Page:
“If you start to take Vienna,” Napleon famously counseled, “take Vienna.”
I spent this past Saturday morning touring the new convention center — on Twitter @clevemtgs — built on the lakefront across from the Browns’ FirstEnergy Stadium, the Great Lakes Science Center and, of course, the Rock and Roll Hall of Fame and Museum. The lakefront sparkles as does the whole downtown.
The convention center, which would host the media stiffs, contains hundreds of thousands of square feet of exhibition space, meeting rooms and ballrooms, and is a mere 10 minute, 0.9 mile walk from Quicken Loans Arena, where the formal proceedings would be gaveled in, a walk that goes down 4th street past the House of Blues and scores of restaurants and bars that would no doubt be second home to the scribblers and Tweet legions. Beautiful new hotels are already open and more rising and stately old ones as well, and the Tower City Center — soon no doubt to be the Manziel Center — brings the city’s excellent red, green and blue lines into the heart of the center, providing the mass transit for further out delegations that St. Paul, Minn., and Tampa Bay, Fla., lacked in 2008 and 2012 respectively.
Mark Waters, head of security at the new convention center, dropped everything to walk my brother, nephew and me around the new digs where the town’s big draft party had been two night before. “Nobody gets how beautiful downtown is until they come downtown,” he stressed, and indeed it was a gorgeous May morning which is the city’s best season. Even the statute of Moses Manziel, er, Moses Cleveland shined. As did the city’s famed Soldiers’ and Sailors’ Monument, full of dramatic bronze reliefs of Abraham Lincoln, the party’s first successful nominee, who also inherited a mess.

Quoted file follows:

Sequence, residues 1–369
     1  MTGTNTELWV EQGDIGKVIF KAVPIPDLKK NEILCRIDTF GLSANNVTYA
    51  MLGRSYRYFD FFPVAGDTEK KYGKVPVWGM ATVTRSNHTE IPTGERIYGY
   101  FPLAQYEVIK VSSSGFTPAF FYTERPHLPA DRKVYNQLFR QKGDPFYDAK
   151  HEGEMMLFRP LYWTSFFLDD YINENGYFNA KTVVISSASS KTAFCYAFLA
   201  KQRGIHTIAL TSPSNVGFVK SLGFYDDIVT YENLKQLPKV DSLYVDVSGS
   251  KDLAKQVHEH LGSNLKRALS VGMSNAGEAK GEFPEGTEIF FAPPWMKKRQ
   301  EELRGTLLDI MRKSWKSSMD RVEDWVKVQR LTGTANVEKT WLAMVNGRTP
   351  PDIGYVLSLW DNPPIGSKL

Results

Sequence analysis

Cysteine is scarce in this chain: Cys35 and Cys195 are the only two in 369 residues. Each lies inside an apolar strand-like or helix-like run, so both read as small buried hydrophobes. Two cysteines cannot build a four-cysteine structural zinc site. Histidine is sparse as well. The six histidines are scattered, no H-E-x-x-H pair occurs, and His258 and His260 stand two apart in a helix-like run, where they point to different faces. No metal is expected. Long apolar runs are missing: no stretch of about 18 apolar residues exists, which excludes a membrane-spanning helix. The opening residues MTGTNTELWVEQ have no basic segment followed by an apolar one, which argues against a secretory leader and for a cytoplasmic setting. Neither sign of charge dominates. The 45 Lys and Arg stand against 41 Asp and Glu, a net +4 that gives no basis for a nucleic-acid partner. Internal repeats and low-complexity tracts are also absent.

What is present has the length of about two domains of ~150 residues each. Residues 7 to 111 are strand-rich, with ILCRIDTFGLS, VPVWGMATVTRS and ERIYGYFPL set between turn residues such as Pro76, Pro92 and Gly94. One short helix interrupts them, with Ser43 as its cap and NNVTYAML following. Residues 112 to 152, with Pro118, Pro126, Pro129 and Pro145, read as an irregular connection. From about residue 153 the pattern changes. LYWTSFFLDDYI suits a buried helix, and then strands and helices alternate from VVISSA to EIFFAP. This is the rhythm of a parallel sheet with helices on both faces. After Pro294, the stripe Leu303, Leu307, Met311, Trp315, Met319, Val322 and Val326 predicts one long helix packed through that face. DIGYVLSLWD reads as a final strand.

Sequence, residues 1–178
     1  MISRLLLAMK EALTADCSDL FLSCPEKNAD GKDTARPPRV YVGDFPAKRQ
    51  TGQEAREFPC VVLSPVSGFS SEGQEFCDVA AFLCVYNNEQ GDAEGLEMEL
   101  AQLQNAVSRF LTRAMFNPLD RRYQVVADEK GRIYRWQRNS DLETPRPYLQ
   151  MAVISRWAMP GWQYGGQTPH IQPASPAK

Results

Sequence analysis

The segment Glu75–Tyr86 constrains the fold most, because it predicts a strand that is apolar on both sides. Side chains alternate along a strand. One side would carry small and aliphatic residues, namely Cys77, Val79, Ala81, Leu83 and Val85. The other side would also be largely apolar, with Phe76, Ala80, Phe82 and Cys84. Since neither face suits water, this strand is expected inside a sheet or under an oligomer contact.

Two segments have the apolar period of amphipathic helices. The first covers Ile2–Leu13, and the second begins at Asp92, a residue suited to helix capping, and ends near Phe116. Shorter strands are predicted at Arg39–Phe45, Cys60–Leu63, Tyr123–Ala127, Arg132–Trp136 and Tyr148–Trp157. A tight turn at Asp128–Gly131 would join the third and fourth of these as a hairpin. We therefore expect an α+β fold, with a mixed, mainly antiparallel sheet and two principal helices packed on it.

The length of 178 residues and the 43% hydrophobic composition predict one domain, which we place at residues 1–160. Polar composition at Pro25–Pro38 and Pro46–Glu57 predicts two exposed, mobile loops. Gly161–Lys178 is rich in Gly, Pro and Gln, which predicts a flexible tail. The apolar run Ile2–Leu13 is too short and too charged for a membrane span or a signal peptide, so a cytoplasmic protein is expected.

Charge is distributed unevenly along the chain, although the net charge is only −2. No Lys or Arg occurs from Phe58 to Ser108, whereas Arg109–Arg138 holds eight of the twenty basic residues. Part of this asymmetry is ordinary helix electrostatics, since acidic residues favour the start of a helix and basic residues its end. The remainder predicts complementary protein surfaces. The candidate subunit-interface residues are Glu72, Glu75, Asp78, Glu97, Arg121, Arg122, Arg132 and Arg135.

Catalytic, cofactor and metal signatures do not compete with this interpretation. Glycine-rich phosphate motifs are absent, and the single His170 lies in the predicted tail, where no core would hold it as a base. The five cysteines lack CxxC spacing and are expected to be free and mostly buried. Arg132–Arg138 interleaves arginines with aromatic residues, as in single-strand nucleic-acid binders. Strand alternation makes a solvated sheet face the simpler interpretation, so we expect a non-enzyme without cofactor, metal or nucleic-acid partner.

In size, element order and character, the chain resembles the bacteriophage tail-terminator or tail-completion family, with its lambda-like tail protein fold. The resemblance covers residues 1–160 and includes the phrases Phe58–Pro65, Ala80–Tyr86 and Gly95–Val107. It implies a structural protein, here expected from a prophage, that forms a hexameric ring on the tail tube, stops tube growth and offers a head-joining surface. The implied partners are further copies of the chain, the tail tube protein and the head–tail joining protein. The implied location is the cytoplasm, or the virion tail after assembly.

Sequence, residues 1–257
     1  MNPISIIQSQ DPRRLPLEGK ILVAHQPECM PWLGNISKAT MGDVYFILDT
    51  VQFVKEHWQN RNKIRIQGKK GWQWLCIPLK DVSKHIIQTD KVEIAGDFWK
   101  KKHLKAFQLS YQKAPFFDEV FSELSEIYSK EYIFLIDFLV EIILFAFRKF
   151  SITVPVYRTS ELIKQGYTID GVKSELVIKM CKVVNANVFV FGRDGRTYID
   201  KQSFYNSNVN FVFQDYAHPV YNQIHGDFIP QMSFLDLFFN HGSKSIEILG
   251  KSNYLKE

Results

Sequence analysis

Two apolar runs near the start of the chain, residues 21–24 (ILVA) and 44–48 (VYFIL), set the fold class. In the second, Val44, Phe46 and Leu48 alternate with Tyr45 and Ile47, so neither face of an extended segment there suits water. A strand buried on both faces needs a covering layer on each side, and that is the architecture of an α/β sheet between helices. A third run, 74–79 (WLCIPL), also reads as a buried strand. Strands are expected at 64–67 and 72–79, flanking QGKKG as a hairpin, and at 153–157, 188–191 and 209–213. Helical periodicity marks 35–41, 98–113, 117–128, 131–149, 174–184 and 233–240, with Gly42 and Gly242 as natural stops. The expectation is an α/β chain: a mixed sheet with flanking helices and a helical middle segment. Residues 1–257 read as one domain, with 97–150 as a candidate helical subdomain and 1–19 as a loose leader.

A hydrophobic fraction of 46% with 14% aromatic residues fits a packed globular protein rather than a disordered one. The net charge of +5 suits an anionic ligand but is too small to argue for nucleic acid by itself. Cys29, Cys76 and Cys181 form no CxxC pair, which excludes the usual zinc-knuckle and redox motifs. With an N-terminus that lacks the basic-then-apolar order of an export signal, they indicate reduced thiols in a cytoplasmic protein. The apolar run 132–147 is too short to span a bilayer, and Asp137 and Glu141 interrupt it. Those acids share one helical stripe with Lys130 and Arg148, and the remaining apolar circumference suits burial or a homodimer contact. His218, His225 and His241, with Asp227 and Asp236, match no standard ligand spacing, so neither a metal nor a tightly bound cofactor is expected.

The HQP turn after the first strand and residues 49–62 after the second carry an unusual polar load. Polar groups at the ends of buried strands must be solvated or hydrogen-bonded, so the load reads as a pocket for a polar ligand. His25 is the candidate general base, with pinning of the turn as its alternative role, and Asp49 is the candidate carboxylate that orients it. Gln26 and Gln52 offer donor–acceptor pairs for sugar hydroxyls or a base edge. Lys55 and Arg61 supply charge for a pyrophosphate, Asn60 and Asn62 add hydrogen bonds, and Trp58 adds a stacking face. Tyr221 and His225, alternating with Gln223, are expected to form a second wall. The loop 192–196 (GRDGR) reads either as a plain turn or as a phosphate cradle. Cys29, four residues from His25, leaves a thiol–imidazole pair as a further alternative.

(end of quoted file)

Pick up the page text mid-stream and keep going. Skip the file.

Progressive Field and FirstEnergy Stadium has a hundred party venues within them, as do Public Auditorium, the old library, and Key Tower. The vast Horseshoe casino isn’t the Venetian, but its a fine diversion as well, and the Nevada delegation will feel at home.
Mostly though, Ohio and its very successful governor, John Kasich, have a great story to tell, about new jobs, lower taxes, smart development of the vast new energy supplies beneath the ground, and repurposing of the old manufacturing infrastructure. Charter schools have gotten a boost from the Buckeye State’s peripatetic governor, and the state’s university system and web of excellent small colleges is pumping out the labor force of the future.
The GOP Convention Site Selection Committee doesn’t have to make an easy decision hard. Take the mass transit, the new facilities, the fun stuff and of course Johnny Football and make Cleveland the convention site and get the planning underway.
Then-Gov. George W. Bush carried the state by 4 percentage points in 2000, and President Obama by 3 in 2012 — trumping Mitt Romney by slightly more than 166,000 votes. No GOP nominee has ever won the presidency without winning Ohio.
If you want to take 1600 Pennsylvania, take Cleveland. And have great time doing so.